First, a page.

Super Scoring and Score Choice
options should relieve some of the stress over your SAT/ACT scores.  Many colleges “superscore” which means that your application is evaluated on  a composite score based on the best sub-scores across different test dates.  This list can be found here:

If you don’t see a university on the list, the second way to absolutely confirm is to explore the admissions tab and application requirements at a specific university by locating (use Google – much faster than the navigational challenges of most college websites) college admissions testing requirements.

Even if a college isn’t on the superscore list-  your college admissions officer is human- and all the scores displaying in your application are taken into full consideration.  No university has a “cutoff” that eliminates you from receiving an acceptance letter. College admissions is truly holistic– What do Admissions Reps Consider?

Let’s talk about SAT SCORE Choice -!

As part of your college application process, you’ll be submitting  your test scores.  It’s not as uncomplicated as it sounds-but the reality, different universities have unique policies on which test scores are required and how these are to be reviewed as part of your college application.

The Basics
Score Choice is a policy offered through the CollegeBoard that allows the student to determine which scores to share with colleges and which scores to exclude when reporting actual test scores as part of your college application.  The ACT has a similar option for sending your scores. This is an awesome opportunity to highlight the best SAT/ACT scores and SAT II subject tests and omit any disappointing or “practice” tests you have taken (or for that matter- scores earned when you weren’t at your best- perhaps a day of – allergies? )

That said, while the College Board allows a student to select scores, not all universities adhere to a Score Choice policy.  Moreover, and unknown to most families is that your high school transcript may already have included all your test scores. The College Board and ACT do report your scores to your high school. Your high school very likely has these scores reported on your official high school transcript. Private high schools have a wide range of policies to honor and support students’ requests to remove disappointing test scores from their official high school transcript.  Public high schools typically are responsive to family requests to exclude the exam scores from your transcript- but sometimes this takes a bit of little work to get through the well-intentioned red-tape.

As part of your test preparation, your tutor and you may have decided to experiment – test the waters. You may have sat for a baseline exam prior to beginning serious test preparation and the scores earned simply aren’t an accurate reflection of your abilities. Or maybe, you were sick the day of the exam and didn’t realize that you  could skip the exam and the test fee (less a change date) could be applied to another testing date. Score choice is truly an invaluable option for test takers who experienced a huge improvement with more serious test preparation.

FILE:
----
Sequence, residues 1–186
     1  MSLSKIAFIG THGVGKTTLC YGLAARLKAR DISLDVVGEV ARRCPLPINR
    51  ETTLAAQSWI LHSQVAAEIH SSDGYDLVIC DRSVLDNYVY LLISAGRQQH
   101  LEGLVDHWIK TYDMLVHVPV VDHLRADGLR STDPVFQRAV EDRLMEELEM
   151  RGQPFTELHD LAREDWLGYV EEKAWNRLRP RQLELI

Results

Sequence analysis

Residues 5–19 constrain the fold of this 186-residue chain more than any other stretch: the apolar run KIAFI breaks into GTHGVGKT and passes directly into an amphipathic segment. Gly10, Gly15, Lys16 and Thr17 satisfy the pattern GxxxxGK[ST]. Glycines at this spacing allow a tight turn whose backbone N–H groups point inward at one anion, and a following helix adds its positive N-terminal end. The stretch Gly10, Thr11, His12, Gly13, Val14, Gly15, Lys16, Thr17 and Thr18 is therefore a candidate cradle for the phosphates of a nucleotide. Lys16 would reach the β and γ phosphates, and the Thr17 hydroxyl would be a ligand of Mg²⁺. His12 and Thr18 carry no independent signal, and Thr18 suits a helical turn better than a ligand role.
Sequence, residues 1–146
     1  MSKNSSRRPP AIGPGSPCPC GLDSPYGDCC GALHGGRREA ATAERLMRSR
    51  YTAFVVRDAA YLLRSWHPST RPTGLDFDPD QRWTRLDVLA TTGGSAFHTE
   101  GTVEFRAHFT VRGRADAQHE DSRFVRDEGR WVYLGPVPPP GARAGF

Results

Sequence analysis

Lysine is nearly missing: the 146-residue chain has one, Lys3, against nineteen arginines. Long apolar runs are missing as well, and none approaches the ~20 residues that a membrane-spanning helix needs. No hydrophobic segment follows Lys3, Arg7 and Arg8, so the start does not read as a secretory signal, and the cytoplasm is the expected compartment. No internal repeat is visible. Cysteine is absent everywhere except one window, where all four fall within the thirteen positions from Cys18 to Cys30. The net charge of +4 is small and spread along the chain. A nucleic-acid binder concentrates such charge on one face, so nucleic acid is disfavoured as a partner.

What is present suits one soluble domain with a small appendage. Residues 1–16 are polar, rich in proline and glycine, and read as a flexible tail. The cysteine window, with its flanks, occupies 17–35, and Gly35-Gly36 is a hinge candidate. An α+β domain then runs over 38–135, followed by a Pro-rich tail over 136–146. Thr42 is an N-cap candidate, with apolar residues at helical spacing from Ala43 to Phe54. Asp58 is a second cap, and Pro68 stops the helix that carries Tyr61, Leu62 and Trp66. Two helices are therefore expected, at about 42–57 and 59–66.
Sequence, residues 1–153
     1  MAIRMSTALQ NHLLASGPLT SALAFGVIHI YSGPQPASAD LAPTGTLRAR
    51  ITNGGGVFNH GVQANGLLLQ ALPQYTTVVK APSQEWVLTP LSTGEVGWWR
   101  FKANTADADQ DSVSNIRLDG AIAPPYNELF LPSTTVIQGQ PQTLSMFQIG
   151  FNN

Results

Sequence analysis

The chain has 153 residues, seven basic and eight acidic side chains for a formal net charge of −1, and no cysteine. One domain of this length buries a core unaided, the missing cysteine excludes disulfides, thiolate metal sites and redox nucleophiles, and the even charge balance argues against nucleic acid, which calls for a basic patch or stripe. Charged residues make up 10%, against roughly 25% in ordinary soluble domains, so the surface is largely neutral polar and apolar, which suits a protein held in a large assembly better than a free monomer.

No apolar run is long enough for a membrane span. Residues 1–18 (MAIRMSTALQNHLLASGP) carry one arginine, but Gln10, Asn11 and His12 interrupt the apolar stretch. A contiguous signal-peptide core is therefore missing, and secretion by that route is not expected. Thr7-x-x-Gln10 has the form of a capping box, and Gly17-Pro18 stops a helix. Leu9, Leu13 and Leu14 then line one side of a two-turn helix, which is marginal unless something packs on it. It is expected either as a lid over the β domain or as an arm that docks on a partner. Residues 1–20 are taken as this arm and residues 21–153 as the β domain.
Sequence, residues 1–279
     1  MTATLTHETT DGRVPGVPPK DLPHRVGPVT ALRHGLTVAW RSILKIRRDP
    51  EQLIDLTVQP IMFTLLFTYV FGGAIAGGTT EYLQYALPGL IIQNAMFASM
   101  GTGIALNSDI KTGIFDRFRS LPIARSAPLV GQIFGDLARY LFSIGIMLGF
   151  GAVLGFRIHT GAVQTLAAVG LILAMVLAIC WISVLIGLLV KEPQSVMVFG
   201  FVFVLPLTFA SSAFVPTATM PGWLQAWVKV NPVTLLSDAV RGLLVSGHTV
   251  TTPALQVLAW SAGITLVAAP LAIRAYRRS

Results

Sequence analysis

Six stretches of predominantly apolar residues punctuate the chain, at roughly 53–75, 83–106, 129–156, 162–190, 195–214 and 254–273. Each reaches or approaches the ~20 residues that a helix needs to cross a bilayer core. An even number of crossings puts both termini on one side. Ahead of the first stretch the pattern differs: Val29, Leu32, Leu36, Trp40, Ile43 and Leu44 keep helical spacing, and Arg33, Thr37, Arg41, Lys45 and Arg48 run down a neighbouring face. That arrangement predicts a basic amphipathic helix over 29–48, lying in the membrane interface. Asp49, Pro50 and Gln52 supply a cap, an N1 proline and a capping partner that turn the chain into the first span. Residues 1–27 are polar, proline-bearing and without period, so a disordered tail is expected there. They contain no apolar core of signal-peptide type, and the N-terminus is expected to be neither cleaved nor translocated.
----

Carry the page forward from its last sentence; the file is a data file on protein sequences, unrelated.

If the colleges you’re applying to participate in Score Choice- by all means be careful about choices of scores.

There’s a section of the Common App that asks whether you’ve taken any exams and have any scores to report. Here you will list test dates. So should you “omit” a date from the question if you don’t plan to report all your actual scores officially?  This is a conversation to have with your college advisor. There is a final question on the Common Applicaiton — one you must agree to before you press the submit button– this question is an ‘honesty’-  attestation-indicating you’ve answered all questions truthfully.  So please make sure that your responses align and don’t try to deceive anyone. You must answer the Common App question about test dates- but you don’t have to share those scores. That’s why Score Choice exists.

That said, not all of your colleges will participate and many require you to submit ALL YOUR TEST SCORES.  .

Here’s a sample of colleges that DO NOT allow for score choice. These colleges require that you submit all your test scores.

  • Carnegie Mellon University
  • Clarkson University
  • Coker College
  • College of Charleston
  • College of St. Benedict
  • Duquesne University
  • East Georgia State College
  • Elon University
  • Georgetown University
  • Gonzaga University
  • Johns Hopkins University
  • Loyola University, New Orleans
  • Ohio Wesleyan University
  • Seattle University
  • Shorter University
  • University of California, Berkeley
  • University of South Carolina
  • Yale University

It’s really important to stay up-to-date and check college admissions websites for the specific requirements on reporting tests scores, whether SATII subject tests are required and the dates by which scores are to be received.

As the 2019-20 academic year gets underway, whether you’re a senior working on college applications or a freshman just beginning your journey- it’s really important to understand the process ahead. Having annual goals and a college plan to achieve those goals can reduce the guesswork and stress of the college admissions process.

Schedule your Educational & College Admissions Planning Assessment with College Advisor Bonnie R. Rabin, PhD

Have a wonderful week and a spectacular start to your school year.
Bonnie R. Rabin, Ph.D.
561.509.0021 or  833.MY.ESSAY
College Advising & Educational Planning
South Florida & Anywhere You Are!
Professor Emeritus & Cornell University Alumni Representative- 30+ Years Experience